AUCD Trainees in the Field: 2013 IMFAR (Spain)

Aisha Dickerson (Texas) and Clare Tessman (Illinois), others in attendance

May 8, 2013

The International Meeting for Autism Research (IMFAR) was held this year in Donostia/ San Sebastian, Basque Country, Spain from May 2-4, 2013. Speakers and presentations covered a variety of research topics including genetics, epidemiology, environmental risk factors, treatment and intervention, neurocognitive functioning, educational strategies, and community inclusion.

Current trainee Aisha Dickerson (Houston, TX), current trainee Clare Tessman (Chicago, IL), and 2 other AUCD trainees were in attendance and presenting at this prestigious meeting and were able to meet in Spain. Below are some of their thoughts on the experience and adventure of travelling and meeting.

Sightseeing Sightseeing

Aisha Dickerson (TX)

I received a Diversity Travel Award from the International Society for Autism Research (INSAR) and a Young Investigators Award from the Environmental Epidemiology of Autism Research Network (EEARN), funded by NIEHS, to cover the cost of travel. It occurred to me to send an email to all AUCD trainees to try to find a buddy to sight see with once I got to the conference. Though originally four people responded, two had to cancel. I and the other two trainees (one of whom was traveling with other AUCD trainees) planned to decide on a meeting location once we got there and email each other for confirmation. Unfortunately, my luggage was left in Miami on the first day, so I never made it to the convention center until it was time for my presentation. On the second day, Clare, who was at the conference for her employer, got sick and could not attend. However, on the third day, Clare and I managed to finally meet up at the registration desk during lunch. The last trainee was nervous about his upcoming presentation and skipped the photo, so the pictures that you see are of our very last day in San Sebastian. Ironically, we were both on the same flight to Madrid the next morning! It was an adventure to coordinate even a brief activity with three trainees in three different disciplines from three different locations to unite in one foreign country, but great to meet people from other programs and disciplines, however briefly!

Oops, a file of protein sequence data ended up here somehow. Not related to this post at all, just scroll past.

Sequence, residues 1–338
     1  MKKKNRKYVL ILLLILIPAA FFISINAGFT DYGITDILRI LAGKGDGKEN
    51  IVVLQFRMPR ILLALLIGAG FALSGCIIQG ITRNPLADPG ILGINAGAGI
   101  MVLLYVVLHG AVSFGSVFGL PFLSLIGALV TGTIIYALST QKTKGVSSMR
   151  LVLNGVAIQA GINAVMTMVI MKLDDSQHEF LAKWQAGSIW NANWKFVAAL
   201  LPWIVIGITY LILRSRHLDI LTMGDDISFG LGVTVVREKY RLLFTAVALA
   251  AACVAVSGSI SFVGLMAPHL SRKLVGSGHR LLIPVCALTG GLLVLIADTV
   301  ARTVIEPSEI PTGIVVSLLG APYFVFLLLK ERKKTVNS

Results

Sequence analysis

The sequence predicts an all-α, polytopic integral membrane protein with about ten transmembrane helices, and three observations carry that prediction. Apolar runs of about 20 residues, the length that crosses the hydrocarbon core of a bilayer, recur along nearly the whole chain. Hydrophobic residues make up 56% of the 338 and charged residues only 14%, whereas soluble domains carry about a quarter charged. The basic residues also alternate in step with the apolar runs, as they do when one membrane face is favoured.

Clare Tessman

Aisha thoughtfully put an email out on our trainees distribution list, and I responded saying I'd be there too! We emailed and had a few false starts in the midst of the very busy meeting, which had many distracting lectures that one could easily get sucked in by and trapped in!  Through persistence we managed to both be in the registration lobby at the appointed time, then we spent about 45 minutes or so having lunch, I met her advisor in Epidemiology, and we wandered around a little by the beach.

It was really lovely meeting Aisha and we have the same feeling of being really inspired to tell all the young people we encountered that they should find their local LEND and do the training! I had at least 5 conversations with interested people in graduate programs near a LEND, and told all of them they'd really get a lot out of LEND and would have a lot to contribute, too!

My blog ( will continue to have brief posts about my training and clinical experiences. I wrote recently on the state of not-knowing, which is certainly not "officially" a competency, but recognizing how much I have to learn has been a huge part of growing as a clinician (I'm becoming a Psychiatric Nurse Practitioner AKA mental health advanced practice nurse).